For many years Queensland had a diversity of artists book activities: the bi-ennial Artspace Mackay Artists Book Forums and Libris Awards, the once yearly Noosa Artists Book Events and the Southern Cross University Acquisitive Artists Book Awards. Also contributing to this fertile artists book environment the State Library of Queensland’s Australian Library of Art which included the SLQ’s Siganto Foundation fellowships, ‘white glove’ presentations and events.  Added to this were exhibitions and artists book fairs coordinated by Grahame Galleries and other shows at scattered venues. With the recent demise of the Mackay, Noosa and Southern Cross events their absence was felt by the artists book community.  Now a new event has emerged to add to the SLQ and Grahame Galleries support of the art – the Artists Book Brisbane Event (ABBE). Over July 16, 17 and 18 ABBE featured a triptych of activities; a conference, an exhibition of books, an artists book fair and allied exhibition events at the State Library of Queensland, Grahame Galleries, The Studio West End, the IMA and Impress Printmakers Gallery.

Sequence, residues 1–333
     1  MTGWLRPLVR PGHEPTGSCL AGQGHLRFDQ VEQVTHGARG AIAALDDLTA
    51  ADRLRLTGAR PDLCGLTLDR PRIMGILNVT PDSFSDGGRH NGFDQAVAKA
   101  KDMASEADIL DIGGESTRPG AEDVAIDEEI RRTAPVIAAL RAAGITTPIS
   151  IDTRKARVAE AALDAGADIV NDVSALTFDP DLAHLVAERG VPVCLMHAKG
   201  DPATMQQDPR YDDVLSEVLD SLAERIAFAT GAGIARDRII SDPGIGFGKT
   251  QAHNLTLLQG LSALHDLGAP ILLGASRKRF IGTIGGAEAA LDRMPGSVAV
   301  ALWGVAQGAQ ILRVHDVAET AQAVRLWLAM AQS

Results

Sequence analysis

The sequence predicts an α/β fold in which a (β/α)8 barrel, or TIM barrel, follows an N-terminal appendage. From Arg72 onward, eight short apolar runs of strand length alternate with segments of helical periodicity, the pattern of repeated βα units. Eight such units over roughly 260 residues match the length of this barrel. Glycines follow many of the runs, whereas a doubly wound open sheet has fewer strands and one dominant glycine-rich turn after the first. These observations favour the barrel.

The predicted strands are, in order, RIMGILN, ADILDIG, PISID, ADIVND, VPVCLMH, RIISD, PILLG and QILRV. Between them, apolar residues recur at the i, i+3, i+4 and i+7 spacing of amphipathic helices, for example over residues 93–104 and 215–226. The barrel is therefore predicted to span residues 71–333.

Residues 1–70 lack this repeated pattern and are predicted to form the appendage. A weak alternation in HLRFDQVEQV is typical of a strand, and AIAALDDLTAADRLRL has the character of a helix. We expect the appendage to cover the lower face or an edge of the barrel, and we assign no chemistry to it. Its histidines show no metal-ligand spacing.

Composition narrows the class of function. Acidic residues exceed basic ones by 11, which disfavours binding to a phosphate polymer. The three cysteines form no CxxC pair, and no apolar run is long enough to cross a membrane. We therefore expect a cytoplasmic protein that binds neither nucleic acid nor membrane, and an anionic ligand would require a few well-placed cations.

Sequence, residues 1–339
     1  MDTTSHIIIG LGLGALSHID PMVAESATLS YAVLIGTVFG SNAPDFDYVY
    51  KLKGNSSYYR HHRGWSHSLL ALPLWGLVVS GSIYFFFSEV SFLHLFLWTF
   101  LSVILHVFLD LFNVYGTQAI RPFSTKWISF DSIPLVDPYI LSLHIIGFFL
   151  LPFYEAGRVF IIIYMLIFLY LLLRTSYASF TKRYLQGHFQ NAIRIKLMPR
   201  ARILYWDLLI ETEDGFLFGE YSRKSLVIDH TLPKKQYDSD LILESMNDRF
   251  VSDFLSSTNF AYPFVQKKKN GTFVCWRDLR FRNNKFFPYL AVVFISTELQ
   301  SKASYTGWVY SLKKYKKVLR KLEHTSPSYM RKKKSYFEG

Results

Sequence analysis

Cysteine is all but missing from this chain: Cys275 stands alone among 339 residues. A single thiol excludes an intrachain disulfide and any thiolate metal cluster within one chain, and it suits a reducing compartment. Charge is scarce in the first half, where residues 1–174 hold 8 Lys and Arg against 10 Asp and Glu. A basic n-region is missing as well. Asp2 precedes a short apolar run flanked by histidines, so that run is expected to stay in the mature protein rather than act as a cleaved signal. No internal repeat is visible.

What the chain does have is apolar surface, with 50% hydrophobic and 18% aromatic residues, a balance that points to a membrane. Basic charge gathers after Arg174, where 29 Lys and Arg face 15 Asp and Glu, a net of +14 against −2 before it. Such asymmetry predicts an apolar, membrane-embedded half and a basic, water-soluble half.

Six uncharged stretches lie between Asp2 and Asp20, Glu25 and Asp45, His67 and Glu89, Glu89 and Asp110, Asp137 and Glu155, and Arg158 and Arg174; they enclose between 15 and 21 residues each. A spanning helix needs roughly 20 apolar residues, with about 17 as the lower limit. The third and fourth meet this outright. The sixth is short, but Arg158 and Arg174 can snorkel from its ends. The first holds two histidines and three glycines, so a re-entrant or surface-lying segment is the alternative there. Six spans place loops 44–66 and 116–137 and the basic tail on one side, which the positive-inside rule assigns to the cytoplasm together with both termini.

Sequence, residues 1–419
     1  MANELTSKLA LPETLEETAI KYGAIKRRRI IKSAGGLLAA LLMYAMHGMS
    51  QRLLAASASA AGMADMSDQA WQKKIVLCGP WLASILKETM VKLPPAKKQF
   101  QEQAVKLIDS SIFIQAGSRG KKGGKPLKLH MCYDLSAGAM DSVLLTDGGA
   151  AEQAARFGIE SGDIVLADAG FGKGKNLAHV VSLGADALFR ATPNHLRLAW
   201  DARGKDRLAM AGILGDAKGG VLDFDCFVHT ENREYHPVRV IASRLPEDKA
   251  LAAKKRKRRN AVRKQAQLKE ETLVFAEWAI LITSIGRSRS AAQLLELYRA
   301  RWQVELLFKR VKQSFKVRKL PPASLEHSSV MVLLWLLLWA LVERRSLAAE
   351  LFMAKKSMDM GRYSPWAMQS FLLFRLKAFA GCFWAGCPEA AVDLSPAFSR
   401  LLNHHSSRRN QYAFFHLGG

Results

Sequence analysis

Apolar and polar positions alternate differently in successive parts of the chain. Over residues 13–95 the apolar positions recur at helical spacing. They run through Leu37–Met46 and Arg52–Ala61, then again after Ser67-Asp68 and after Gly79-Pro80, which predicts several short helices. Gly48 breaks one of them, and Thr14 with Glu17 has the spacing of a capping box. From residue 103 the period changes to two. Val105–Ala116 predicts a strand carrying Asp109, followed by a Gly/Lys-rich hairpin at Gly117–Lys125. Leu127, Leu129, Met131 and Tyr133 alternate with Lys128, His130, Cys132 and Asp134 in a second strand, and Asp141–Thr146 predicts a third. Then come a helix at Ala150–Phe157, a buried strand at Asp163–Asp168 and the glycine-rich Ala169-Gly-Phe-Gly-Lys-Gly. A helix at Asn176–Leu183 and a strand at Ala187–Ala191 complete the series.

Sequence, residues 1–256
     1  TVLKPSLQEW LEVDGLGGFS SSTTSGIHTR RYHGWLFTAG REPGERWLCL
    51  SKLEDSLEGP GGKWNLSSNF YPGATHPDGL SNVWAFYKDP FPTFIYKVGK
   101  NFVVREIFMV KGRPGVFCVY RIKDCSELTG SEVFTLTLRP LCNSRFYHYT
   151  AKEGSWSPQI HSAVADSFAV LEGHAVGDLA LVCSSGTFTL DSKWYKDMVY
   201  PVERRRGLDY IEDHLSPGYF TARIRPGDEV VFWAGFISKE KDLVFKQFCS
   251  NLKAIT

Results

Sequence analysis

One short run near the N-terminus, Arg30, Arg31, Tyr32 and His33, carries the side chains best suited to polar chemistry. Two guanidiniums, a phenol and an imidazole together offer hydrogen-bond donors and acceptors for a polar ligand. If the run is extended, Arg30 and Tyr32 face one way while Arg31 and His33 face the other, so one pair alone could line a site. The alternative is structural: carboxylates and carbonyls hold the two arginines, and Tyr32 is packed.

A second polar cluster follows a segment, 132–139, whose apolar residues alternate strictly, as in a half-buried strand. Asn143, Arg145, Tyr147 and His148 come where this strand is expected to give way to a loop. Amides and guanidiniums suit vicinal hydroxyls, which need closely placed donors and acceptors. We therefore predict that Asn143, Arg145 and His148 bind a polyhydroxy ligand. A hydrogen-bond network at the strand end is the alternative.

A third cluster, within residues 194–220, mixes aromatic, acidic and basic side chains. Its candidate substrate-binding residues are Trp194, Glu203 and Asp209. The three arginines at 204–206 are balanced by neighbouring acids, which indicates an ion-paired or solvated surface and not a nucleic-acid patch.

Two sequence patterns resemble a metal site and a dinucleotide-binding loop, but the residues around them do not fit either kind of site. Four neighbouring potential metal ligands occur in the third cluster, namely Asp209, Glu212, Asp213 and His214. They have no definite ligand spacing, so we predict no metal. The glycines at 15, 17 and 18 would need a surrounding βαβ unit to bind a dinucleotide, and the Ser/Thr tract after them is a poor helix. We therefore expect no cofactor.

The conference sought to address 3 main themes relating to the artists book:

  • post literacy
  • materiality/the haptic
  • the nature of reading artists books.

Three keynote presenters lead the program:

Sarah Bodman presents her keynote lecture

Sarah Bodman presents her keynote lecture

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SARAH BODMAN (Abstract)– ARTISTS’ BOOKS AS A PHYSICAL SITE OF PRACTICE

If a post-Literate society might also encompass new ways of thinking about reading, we could think of contemporary artists’ books as a site of practice beyond that of McLuhan’s sign posting of the invention of moveable type as fundamentally responsible for how the Western world physically reads: “along the straight Lines of the printed page.”